The study outside of academia uses a matched employer-employee dataset with a representative sample of all Australian employees and workplaces (4,582 observations on individuals who work across 840 different employers). Females typically earn less than males. The reasons are not fully understood. The paper re-examines the idea that women “don’t ask,” which potentially assigns part of the responsibility for the gender pay gap onto female behavior. The paper is the first to be able to use matched employer–employee data in which workers are questioned about their asking behavior. It concludes that males and females ask equally often for promotions and raises. The paper’s empirical results suggest, however, that while women do now ask they “don’t get.”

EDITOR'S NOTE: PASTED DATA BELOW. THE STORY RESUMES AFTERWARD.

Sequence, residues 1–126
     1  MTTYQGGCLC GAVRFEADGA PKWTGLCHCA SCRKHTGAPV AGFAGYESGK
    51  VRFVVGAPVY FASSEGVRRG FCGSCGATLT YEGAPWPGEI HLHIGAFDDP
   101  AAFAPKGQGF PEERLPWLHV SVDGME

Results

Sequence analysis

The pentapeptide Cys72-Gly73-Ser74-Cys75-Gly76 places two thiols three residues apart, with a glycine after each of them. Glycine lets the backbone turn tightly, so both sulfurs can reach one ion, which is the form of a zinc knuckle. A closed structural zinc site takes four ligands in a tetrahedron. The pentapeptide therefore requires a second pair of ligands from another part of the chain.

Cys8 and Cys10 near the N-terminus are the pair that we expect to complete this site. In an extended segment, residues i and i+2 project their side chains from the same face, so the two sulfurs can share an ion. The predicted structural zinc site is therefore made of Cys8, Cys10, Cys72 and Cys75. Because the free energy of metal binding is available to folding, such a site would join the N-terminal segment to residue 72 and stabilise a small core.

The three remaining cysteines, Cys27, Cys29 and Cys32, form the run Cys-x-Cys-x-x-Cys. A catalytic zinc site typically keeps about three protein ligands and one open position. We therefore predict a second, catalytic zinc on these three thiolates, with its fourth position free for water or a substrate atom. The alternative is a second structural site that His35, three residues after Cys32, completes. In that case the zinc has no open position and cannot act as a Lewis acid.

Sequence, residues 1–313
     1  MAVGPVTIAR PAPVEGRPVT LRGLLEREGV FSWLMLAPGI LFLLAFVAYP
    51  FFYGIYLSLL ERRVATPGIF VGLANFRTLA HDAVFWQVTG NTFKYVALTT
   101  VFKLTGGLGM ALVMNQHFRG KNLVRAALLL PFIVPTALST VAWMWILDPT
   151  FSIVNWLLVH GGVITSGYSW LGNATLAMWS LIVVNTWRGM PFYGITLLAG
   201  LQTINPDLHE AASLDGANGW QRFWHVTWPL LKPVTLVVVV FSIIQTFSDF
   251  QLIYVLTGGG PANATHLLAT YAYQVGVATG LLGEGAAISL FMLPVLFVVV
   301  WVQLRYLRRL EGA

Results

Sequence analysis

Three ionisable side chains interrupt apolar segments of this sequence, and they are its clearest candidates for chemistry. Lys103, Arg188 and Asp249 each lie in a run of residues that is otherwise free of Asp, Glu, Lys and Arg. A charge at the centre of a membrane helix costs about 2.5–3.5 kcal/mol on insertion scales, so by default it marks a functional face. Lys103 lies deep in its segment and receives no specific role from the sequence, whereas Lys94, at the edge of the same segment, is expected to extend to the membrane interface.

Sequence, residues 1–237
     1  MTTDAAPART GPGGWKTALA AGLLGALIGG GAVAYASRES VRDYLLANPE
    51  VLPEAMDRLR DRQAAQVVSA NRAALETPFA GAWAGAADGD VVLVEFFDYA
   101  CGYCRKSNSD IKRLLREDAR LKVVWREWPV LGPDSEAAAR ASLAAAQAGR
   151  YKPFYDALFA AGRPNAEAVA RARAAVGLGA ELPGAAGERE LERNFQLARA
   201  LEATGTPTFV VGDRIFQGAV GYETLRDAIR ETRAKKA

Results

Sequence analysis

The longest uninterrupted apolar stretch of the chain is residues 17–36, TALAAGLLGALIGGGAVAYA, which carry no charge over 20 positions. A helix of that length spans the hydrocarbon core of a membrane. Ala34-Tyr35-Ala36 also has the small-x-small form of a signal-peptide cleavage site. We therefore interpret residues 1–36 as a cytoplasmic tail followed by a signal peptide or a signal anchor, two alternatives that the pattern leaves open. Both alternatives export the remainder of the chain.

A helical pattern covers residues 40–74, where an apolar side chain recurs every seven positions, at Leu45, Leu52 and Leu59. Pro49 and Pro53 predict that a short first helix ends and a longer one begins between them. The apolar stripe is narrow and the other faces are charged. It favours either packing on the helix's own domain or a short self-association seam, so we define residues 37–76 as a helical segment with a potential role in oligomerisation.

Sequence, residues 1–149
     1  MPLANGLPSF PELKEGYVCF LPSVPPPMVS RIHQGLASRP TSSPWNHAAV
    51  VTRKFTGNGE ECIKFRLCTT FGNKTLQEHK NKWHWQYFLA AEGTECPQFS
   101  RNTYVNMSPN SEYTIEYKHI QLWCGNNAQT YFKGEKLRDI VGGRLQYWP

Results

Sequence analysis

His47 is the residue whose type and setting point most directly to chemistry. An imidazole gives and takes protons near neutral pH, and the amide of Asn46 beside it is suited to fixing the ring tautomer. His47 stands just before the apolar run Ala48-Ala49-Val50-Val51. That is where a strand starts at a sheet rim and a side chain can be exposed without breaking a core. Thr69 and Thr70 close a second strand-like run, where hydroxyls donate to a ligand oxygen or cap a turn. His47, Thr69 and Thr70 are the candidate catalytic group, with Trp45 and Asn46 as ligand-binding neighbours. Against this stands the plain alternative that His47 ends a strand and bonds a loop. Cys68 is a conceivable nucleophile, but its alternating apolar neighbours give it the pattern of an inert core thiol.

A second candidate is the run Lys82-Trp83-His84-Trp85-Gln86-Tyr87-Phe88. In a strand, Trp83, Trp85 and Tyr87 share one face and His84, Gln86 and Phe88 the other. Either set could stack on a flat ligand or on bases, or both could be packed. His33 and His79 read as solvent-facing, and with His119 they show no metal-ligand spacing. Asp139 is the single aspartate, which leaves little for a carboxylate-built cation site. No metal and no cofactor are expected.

Abel, M. (2019). Do Workers Discriminate against Female Bosses? IZA working paper.

Laboratory experiment with 2,700 workers hired for a transcription job and randomly assigning the gender of their (fictitious) manager and provision of performance feedback. The study shows that praise from a manager has no effect, criticism negatively impacts workers’ job satisfaction and perception of the task’s importance. When female managers, rather than male, deliver this feedback, the negative effects double in magnitude. Having a critical female manager does not affect effort provision but it does lower workers’ interest in working for the firm in the future. These findings hold for both female and male workers.

Amanatullah, E. T., & Tinsley, C. H. (2013). Punishing female negotiators for asserting too much… or not enough: Exploring why advocacy moderates backlash against assertive female negotiators. Organizational Behavior and Human Decision Processes, 120(1), 110-122.